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Learning theory does not generally provide the punch line to many jokes or get much attention by the media, but occasionally it finds its way into today’s pop culture. A recent example of this is compliments of one of our favorite sitcoms, “The Office.”
If you are not a fan, the Office portrays life in a quirky paper company that accentuates some of the less than ideal working conditions most people have to endure at some point in their lives. A subpar boss, the office lush, eccentric coworker etc., make this show highly entertaining.
At the beginning of the episode titled “Dwight Helps Michael Prepare,” mischievous office prankster Jim conditions Dwight to want an Altoid every time he hears Jim’s computer boot up. Jim accomplishes this in much the same way Russian scientist Ivan Pavlov did back in the early 1900’s when he first noticed his experimental dogs would start to salivate as soon as they saw people in lab coats. With limited stimuli in the environment, the dogs realized most times they were approached by a person in a lab coat, they were subsequently fed. Pavlov (who was initially just interested in studying digestive systems) noticed this and began experimenting to see what else could get the dogs to salivate. He knew it was the dogs’ natural response to salivate in the presence of food to help with its digestion so he paired it with a completely unrelated event, the ringing of a bell, and found that once the dogs had made the connection between the two, they would start to salivate as soon as they heard the bell. You can play a game here thanks to the folks at NobelPrize.org that will take you through the steps of getting a dog to salivate when they hear a previously irrelevant sound.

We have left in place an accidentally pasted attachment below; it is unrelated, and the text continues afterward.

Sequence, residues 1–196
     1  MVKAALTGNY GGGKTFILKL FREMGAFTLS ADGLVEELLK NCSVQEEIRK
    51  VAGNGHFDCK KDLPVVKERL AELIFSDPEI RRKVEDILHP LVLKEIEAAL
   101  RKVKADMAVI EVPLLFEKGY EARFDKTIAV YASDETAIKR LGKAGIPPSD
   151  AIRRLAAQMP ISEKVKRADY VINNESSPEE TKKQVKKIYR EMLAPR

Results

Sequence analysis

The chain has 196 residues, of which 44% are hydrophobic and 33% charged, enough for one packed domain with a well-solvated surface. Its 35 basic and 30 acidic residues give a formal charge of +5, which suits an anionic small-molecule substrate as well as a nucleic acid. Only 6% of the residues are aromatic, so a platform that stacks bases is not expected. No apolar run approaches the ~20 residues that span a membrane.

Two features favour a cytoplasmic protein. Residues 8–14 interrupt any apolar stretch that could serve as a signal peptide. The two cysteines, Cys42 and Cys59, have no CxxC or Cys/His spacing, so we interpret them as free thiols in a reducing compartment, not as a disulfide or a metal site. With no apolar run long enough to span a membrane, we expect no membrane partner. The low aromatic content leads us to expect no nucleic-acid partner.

So what does this have to do with dog training? Well, from Pavlov’s research stems clicker training. Similar to how Jim conditioned Dwight to respond to the noise his computer makes, we also condition dogs to respond to a click from a clicker. This is often referred to as “charging” the clicker and it is the very first step you must take for clicker training to be effective. Pavlov’s experiments showed us the most effective way to create associations between previously unrelated stimuli is to make sure you click before you present the food and to make the delay between the click and food delivery as short as possible so the dog will easily connect the two events. Once your dog understands what the click means, you can start to use it to shape amazing behaviors and to effectively countercondition your dog to things he may be nervous or afraid of.
Thank you Ivan Pavlov for laying the groundwork for the best dog training practices available and thanks to the folks at the Office for putting a funny spin on the science behind conditioning!